October 20, 2017

The Gamification of MMM – a technical explanation

Benjamin DadaDec 27, 201610min

Why MMM keeps catching on across countries

Editors note: This post is long overdue. But, knowledge is timeless, I hope. Also, MMM is still going to be around for a long time seeing that it has lived over 20+ years. This post is more centered around the gamification techniques being implemented by MMM, not necessarily the details of Ponzi schemes.


Hahaha, I am not surprised, MMM is a gospel that would get to the ends of the world.

Just incase you are wondering what MMM is and what it is not?, the legal implications etc. I am sad to announce to you that, that is not the aim of this post, but then I have carefully scavenged one of the best and credible information sources for that. Come back to read here.


So, casually, we all woke up to this tingling news;

Followed immediately by this tweet from MMM;

I laughed;

Before then, on Radar — a civilised online community for public discussion, there was a conversation about the rate at which MMM was growing in Nigeria where I contributed and turns out a couple of people agreed with my view.
Hmm, a whole 5 likes, then I must be saying something right…LOL

After the announcement, a facebook conversation about why MMM is so successful, how they distribute and expand sprung up within one of the tech groups I belong to.

And then, I decided to drop my proverbial 2 cents on the matter;

I can end the post here and go, but I just thought some people might benefit from a more technical explanation, I mean, we are on TechCityNG.

Gamification <> MMM

Let’s borrow the definition by Deterding et al. (2011),

Gamification is the application of game design elements to non-game context.

MMM is not a game but it leverages game design elements in achieving its “business” goals. Hence, it fits nicely into the definition.

Also, for something to be termed a game, there has to be an element of fun. This is where a distinction between ‘play’ and ‘game’ can be useful. While they both have elements of fun embedded, the latter has to deal with making meaningful choices.

You might be asking, what fun could the MMM people be having? Answer: People fun (and NO, I am not even trying to make a pun)

Nicole Lazarro, defined 4 keys to fun which includes serious fun, hard fun, easy fun and people fun. So yes, there is something like people fun — where players get to socialise with each other, this ties with the Relationship dynamic of the Gamification Elements which can be seen below. Also, the entire fun experience of games ties with the Emotions dynamic of Gamification Elements because, fun triggers the release of emotions.

They are further discussed below.

What are the Gamification elements?

Before I tell you about some of the game design elements that MMM (and other Ponzi schemes) adopt in making it so successful, allow me to show you a Pyramid of Gamification Elements as postulated by Prof. Kevin Werbach in his Coursera Lecture on Gamification.

The Pyramid of Gamification Element by Kevin Werbach

Dynamics: These are the high-level conceptual elements in a Gamified system. They are not stated explicitly as rules, but they are the pieces that bind the game together. Usually, they sound like grammar. E.g Constraints, Emotions, Narrative, Progression and Relationships.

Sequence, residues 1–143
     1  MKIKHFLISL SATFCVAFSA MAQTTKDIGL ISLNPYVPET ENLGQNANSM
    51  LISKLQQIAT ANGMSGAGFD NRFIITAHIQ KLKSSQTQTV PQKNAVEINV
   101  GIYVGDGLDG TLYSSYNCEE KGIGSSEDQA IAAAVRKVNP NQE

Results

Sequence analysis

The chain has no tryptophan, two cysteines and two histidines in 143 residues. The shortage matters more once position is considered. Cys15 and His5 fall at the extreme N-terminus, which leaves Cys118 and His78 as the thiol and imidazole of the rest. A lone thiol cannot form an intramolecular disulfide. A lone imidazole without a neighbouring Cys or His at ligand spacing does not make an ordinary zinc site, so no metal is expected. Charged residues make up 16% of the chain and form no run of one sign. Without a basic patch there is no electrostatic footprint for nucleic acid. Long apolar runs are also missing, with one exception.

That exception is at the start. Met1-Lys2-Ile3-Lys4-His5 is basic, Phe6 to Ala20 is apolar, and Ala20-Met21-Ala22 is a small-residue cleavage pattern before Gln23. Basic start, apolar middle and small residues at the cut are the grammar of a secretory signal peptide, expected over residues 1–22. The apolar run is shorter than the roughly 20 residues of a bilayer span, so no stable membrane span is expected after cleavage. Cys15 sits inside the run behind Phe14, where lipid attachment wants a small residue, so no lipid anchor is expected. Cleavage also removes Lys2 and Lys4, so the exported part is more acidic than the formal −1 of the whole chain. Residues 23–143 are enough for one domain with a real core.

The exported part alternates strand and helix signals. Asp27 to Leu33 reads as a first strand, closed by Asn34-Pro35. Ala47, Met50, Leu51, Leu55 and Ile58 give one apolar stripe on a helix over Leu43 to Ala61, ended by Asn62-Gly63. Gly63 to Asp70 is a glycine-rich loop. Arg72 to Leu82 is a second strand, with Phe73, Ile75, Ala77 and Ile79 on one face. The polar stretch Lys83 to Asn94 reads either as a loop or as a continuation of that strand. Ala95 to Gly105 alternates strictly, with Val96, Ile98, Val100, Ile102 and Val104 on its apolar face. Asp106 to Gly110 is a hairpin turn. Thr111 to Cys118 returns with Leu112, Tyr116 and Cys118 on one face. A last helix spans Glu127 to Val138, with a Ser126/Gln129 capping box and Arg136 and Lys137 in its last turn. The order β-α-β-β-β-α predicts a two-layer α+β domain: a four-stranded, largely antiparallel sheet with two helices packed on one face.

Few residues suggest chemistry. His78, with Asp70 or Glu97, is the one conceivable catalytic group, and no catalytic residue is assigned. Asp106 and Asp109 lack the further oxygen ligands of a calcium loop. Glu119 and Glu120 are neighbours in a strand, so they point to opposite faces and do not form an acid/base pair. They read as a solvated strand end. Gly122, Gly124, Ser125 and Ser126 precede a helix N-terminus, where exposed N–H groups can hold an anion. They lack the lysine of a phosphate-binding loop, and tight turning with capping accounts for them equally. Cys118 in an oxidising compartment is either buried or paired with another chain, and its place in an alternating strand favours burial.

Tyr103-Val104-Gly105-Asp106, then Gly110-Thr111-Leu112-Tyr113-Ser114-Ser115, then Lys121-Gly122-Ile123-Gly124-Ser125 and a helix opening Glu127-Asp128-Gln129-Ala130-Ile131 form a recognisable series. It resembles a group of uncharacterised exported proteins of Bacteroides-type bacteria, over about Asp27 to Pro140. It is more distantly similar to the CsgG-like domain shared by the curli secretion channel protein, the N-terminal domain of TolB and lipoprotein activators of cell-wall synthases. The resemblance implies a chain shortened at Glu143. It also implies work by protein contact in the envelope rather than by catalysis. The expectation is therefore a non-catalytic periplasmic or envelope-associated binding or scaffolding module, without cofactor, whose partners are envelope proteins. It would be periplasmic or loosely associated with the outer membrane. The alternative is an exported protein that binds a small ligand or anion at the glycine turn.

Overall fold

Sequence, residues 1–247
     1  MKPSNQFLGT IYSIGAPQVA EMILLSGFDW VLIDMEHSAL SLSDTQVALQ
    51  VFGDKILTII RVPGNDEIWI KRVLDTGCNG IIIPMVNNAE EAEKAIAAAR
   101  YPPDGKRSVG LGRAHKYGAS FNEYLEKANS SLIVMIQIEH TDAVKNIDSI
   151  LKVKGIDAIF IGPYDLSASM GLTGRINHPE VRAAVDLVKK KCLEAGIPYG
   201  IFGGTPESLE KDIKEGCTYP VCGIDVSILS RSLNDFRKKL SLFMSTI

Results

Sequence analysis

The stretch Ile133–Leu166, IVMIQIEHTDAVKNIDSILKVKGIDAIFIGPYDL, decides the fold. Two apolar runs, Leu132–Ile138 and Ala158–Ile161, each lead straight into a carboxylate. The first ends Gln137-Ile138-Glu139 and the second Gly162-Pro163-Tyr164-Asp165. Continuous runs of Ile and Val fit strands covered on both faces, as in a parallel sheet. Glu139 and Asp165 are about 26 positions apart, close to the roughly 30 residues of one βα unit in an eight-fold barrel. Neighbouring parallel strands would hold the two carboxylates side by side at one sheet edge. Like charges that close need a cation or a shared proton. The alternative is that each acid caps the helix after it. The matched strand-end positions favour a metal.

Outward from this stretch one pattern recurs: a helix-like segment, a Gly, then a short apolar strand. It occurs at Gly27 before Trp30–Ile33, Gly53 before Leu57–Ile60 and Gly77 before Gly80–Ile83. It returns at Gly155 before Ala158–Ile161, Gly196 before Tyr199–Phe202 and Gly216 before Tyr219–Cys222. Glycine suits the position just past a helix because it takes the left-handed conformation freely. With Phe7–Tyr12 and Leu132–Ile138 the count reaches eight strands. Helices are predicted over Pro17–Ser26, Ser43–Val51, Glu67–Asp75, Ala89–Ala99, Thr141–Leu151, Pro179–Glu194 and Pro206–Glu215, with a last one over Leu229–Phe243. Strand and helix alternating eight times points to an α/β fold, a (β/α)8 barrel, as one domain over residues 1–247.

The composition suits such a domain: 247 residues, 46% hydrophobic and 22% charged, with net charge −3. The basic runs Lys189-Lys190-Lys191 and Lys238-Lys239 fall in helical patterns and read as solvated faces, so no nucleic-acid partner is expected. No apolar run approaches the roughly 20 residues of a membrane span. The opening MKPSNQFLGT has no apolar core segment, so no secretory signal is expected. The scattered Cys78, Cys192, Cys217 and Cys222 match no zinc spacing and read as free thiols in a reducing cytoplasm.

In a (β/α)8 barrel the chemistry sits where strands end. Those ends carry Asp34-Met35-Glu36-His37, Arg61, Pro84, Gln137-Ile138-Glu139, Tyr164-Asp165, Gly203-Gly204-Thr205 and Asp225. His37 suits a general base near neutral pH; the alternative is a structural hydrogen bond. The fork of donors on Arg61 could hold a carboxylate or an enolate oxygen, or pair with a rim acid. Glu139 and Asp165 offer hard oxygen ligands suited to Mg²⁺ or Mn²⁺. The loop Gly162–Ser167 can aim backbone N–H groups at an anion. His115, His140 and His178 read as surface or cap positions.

As funny as it may sound MMM has fans (loyal customers) that vehemently defend the cabal (peep the FB question above). Now, this is due to the fact that it elicits an emotion, which is a Dynamic of Game Elements. Whether the emotion is that of excitement when their first bank alert reaches their phone or the defence it creates when someone tries to talk bad about it. Bottom line is, like every other game, MMM elicits an emotion.

Also, there are relationships being forged/strengthened among the Mavros. Especially between you (not you) and the person that brought you, as they make 10% off your profits. Or between you and other Mavros around the world.

Furthermore, talking about constraints you don’t get paid until after 30 days. Hence, your cashing out is being constrained to a 30-day period.

In addition, progression these refer to the fact that you get to move up the ladder. For instance, when you just join, your gain is limited to only 30% of your “help” (simply, money), but as you grow in MMM you’d start benefitting off other people. Keyword: growth which signals Progress.

Finally, on the matter of dynamics, there is a narrative which is the fact that if you leave your money in the scheme for 30 days, you could make a 30% profit.


In summary, I believe this is more than enough to convince you that the reason why MMM remains ever successful is because it has been gamified.

I can do a sequel to this where I would talk about the Mechanics and Components of MMM that further prove it is a Gamified System. But for now, I would allow you digest this.

to be continued…

Benjamin Dada

MSc Candidate at Lancaster University Management School. Xoogler. DISCLAIMER: All opinions posted by me here are solely mine and not that of my previous or present employers.



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